When the Curtain Rises by Nina Mansfield

The theater is my happy place. There is almost no place I’d rather be. My favorite moment in life is that instance when the curtain, literally or figuratively, rises. It’s like being transported into a different universe—one where people might speak in iambic pentameter or break into song. I can be a fly on the wall watching a family unravel, or an onlooker as a flawed king falls from his pedestal. Sometimes I leave the theater filled with joy for the human condition. Other times I break out in uncontrollable, ugly sobs wondering how anyone can live in such an unforgiving world. The best theater has made me feel both things simultaneously.

At various stages of my life, I have been an actor, a playwright and a director. I’ve hung lights and torn down sets. I have my share of paint splattered clothing, and a library of dog-eared and highlighted scripts. I am a theater person, so it is no wonder that I have chosen to set more than one of my short murder mystery stories in a theatrical setting.

There are so many ways to kill and be killed in the theater. There are, first and foremost, the many physical obstacles. Open trapdoors, dangling sandbags, and hastily constructed set pieces could all become deadly, especially when navigating a backstage space in the dark.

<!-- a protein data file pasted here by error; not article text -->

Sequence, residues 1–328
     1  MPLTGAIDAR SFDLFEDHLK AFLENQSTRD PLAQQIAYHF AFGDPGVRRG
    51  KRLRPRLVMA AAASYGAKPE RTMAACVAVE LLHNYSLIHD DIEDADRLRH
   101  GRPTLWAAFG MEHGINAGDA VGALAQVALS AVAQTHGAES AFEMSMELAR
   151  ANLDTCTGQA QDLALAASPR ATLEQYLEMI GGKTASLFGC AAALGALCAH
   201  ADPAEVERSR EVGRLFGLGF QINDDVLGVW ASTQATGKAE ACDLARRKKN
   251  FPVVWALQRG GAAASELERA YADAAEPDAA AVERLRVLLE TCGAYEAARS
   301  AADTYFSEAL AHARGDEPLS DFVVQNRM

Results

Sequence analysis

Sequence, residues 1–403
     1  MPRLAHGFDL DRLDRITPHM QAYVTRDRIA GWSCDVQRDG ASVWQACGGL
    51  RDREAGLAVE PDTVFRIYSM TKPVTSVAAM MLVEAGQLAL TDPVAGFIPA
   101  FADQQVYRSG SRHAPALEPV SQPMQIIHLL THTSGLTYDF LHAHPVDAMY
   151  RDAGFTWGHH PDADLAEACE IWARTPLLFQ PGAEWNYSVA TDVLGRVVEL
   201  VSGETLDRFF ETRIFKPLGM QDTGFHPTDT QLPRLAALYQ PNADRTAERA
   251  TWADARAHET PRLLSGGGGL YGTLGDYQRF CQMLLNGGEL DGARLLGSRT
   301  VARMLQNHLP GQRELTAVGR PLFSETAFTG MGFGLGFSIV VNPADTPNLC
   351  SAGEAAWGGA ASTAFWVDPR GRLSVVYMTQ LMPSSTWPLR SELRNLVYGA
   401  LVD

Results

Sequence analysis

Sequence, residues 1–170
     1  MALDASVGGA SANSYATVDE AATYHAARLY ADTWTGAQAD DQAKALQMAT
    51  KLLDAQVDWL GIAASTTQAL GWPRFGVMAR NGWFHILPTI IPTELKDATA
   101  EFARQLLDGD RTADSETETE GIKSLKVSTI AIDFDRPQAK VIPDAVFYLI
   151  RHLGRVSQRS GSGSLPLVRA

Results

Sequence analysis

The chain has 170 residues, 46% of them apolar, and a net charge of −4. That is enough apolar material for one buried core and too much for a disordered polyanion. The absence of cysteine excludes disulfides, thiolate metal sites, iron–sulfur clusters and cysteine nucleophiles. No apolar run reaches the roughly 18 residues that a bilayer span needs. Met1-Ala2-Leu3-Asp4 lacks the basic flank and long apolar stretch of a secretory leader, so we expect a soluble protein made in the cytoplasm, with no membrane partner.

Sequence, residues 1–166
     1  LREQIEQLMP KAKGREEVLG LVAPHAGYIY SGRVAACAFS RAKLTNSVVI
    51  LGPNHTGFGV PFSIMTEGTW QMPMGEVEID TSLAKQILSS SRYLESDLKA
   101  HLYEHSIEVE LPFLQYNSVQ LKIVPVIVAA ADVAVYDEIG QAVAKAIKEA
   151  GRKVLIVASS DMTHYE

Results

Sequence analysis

There are also the emotional perils associated with the theater. Backstage romances, bad reviews . . . I’m not saying that I’ve ever wanted to commit murder when I checked my name on a cast list, but I can certainly image that motive.

And let’s not forget the unsavory characters that the theater seems to attract. Emotional actors, egotistical directors and overly ambitious understudies are just a few that come to mind. After all, what kind of people want to spend their time pretending to be other people, except perhaps those who have something to hide?

Theater and murder have enjoyed a symbiotic relationship that can be traced back to Ancient Greece. From Medea to Macbeth to Mousetrap, audiences have flocked to see murder on stage for thousands of years. Twelve Angry Men by Reginald Rose, which served as the inspiration for “Twelve Angry Actors” is just one of many great plays that revolves around a murder. I imagine that I will continue to write murder mysteries inspired by the theater. After all, the theater might be my happy place, but when the lights go out, anything can happen.

Nina Mansfield is a Cos Cob, CT based author, playwright, screenwriter and educator. Nina’s short fiction has appeared in a variety of publications and anthologies including Ellery Queen Mystery Magazine, Mysterical-E, Crime Syndicate Magazine and most recently Alfred Hitchcock’s Mystery Magazine. Her YA mystery novel Swimming Alone is published by Fire & Ice YA. Nina’s ten-minute and one-act plays have received over 100 productions in the United States and around the world, and are published by Smith & Kraus, Stage Partners, YouthPLAYS, Original Works Publishing, and One Act Play Depot. Nina is a member of MWA, SCBWI, ITW, The Dramatists Guild, and she is a Co-Vice-President of the NY/Tri-State Chapter of Sisters in Crime. Connect with Nina on her website www.ninamansfield.com or on  Facebook, Instagram and Twitter.

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